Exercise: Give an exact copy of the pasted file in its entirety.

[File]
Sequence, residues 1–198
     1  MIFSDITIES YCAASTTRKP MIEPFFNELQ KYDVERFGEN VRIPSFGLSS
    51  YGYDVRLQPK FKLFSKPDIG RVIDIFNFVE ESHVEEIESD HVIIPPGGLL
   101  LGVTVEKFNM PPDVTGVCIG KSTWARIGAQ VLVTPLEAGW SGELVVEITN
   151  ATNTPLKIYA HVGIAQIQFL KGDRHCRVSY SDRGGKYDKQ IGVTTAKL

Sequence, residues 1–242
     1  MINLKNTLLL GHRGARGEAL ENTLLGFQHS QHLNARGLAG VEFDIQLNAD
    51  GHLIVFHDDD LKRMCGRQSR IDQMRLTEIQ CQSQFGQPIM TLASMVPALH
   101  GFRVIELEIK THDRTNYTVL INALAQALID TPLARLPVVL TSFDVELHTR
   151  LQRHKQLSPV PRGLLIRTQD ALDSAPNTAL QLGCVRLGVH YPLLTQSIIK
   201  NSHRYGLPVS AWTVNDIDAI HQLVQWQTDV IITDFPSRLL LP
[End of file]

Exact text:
Sequence, residues 1–198
     1  MIFSDITIES YCAASTTRKP MIEPFFNELQ KYDVERFGEN VRIPSFGLSS
    51  YGYDVRLQPK FKLFSKPDIG RVIDIFNFVE ESHVEEIESD HVIIPPGGLL
   101  LGVTVEKFNM PPDVTGVCIG KSTWARIGAQ VLVTPLEAGW SGELVVEITN
   151  ATNTPLKIYA HVGIAQIQFL KGDRHCRVSY SDRGGKYDKQ IGVTTAKL

Sequence, residues 1–242
     1  MINLKNTLLL GHRGARGEAL ENTLLGFQHS QHLNARGLAG VEFDIQLNAD
    51  GHLIVFHDDD LKRMCGRQSR IDQMRLTEIQ CQSQFGQPIM TLASMVPALH
   101  GFRVIELEIK THDRTNYTVL INALAQALID TPLARLPVVL TSFDVELHTR
   151  LQRHKQLSPV PRGLLIRTQD ALDSAPNTAL QLGCVRLGVH YPLLTQSIIK
   201  NSHRYGLPVS AWTVNDIDAI HQLVQWQTDV IITDFPSRLL LP